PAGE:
Last Chance Berkeley Cafe

by Steed Dropout
Sept. 20, 2015


Photo by Ted Friedman.

Although up for sale, Berkeley’s oldest espresso squeeze is not going quietly into Hamlet’s speculative sleep of death.

The Caffe Mediterranean may prolong its swan song as it drifts between to what it might have been and what it has become—a cheap eats and last stand conversation center.

What it might have become was a Pakistani restaurant; what is has become is a coffee house dive.

Owner Craig Becker, after saving the Med from entrepreneurial Pakistani’s, has offered to give the Med to whomever will renovate the espresso emporium/eatery in Becker’s image: a gorgeous well-executed place.

A gorgeous place with clean floors and an additional balcony, new counter, and a downstairs rest room to accommodate disabilities.

Naturally, the new owners would pay the rent, and Becker would collect that rent. Then there’s a little matter of what could be a half million dollars in city code upgrades.

As the Med’s future remains to be seen, Medheads, who have used the cafe as their personal vacation homes are facing a crisis. The sale of the Med would fracture the social network of Medheads, who are accustomed to schmoozing their Med friends or hassling Med customers, naive Cal undergrads.

Some Medheads have been in attendance at this nexus of noise since it opened in 1956.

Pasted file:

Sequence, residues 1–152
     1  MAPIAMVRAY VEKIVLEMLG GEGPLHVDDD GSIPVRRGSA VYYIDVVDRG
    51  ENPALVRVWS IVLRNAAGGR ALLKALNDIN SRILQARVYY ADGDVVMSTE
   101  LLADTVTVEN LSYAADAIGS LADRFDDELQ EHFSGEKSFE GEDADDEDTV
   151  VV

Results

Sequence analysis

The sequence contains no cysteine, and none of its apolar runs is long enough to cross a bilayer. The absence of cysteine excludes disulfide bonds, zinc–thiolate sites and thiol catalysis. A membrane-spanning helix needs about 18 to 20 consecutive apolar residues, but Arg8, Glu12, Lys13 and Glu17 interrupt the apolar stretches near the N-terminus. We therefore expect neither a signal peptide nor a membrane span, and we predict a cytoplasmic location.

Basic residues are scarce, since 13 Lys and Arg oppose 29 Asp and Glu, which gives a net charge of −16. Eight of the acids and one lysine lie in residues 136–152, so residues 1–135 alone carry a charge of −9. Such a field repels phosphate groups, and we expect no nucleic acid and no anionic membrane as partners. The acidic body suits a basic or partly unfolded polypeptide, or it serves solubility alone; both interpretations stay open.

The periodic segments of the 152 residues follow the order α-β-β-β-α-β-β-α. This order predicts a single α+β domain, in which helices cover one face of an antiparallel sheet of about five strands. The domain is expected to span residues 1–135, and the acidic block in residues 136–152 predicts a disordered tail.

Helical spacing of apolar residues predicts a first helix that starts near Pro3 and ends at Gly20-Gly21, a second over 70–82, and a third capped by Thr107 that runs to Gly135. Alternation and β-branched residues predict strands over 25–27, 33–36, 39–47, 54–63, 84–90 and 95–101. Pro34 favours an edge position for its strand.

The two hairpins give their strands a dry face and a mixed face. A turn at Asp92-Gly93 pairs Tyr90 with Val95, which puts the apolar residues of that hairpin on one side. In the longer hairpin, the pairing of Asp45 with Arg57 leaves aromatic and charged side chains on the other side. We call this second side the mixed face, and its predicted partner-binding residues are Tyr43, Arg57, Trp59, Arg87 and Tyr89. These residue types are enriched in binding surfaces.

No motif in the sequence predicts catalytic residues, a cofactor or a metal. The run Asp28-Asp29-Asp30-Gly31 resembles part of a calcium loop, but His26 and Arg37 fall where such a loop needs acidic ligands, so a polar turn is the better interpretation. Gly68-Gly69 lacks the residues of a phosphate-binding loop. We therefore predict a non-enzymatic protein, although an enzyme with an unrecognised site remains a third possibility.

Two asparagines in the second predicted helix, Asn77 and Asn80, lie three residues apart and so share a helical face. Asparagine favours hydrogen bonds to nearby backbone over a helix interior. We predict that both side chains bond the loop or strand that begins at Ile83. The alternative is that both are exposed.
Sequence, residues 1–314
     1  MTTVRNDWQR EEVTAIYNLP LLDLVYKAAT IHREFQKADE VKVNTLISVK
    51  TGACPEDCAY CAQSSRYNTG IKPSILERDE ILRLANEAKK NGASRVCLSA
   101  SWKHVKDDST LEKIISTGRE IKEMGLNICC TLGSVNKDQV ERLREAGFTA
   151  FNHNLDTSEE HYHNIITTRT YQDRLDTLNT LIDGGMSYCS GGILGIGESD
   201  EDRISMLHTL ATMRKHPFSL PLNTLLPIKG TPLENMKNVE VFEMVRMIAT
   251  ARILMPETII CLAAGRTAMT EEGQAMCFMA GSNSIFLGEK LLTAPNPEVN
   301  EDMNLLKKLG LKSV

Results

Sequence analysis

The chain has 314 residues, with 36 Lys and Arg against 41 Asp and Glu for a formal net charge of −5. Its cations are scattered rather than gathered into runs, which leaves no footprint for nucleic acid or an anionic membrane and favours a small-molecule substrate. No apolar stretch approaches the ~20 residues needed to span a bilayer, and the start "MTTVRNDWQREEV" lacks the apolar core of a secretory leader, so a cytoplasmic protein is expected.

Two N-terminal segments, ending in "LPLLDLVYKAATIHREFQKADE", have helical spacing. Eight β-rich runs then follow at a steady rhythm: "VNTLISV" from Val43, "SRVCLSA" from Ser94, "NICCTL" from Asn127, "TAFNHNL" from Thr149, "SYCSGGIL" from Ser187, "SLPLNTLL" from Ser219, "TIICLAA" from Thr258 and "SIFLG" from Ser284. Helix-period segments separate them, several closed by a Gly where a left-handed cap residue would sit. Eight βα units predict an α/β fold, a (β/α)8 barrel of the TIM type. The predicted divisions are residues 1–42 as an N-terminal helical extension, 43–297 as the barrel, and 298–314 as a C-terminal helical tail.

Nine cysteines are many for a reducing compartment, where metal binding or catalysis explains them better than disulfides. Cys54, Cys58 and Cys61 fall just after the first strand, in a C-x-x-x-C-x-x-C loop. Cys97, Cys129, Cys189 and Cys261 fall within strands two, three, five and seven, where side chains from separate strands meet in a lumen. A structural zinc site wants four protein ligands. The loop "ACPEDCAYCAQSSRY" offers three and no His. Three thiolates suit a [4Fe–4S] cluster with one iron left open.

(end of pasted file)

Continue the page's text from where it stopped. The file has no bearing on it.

The likely-hood of the med heads’ social network relocation to, even a half block away—to Peet’s—is unlikely.

That’s why Ed Monroe, Telegraph’s artist-in-residence is depicting the last days of the Med in one of his hyper-realistic paintings.

Photo by Ted Friedman.

Monroe’s interest in the Caffe Med goes back to the 1970’s, when he documented the cafe, while developing his hyper-realistic style.

“This may be the last chance,” to depict the Med, Monroe told me recently, “before it is sold.”

Monroe, usually, up-beat, is a doom-sayer among Med heads—most of whom prefer to believe that the likelihood of the Med being sold is zilch.

As one grey-beard put it, “why would a buyer agree to pay as much as $500,000 to improve Becker’s property?”

Even if Monroe is wrong about the Med being sold, the possibility of that sale has goaded him into capturing the last days of the Med.

He calls it “Last Chance,” his last chance to capture the Med.

Photo by Ted Friedman.

There’s something about the Caffe Mediterraneum. Monroe’s painting was sold for $2,500, even before its completion. That’s quite a pay-day for a Telegraph Avenue street artist.

Berkeley Reporter is in that painting. The last time Monroe did a Med painting was in the mid-seventies. The characters in that painting are dead.

Forty-five years later…it’s Berkeley Reporter’s turn to play dead.

More photos at

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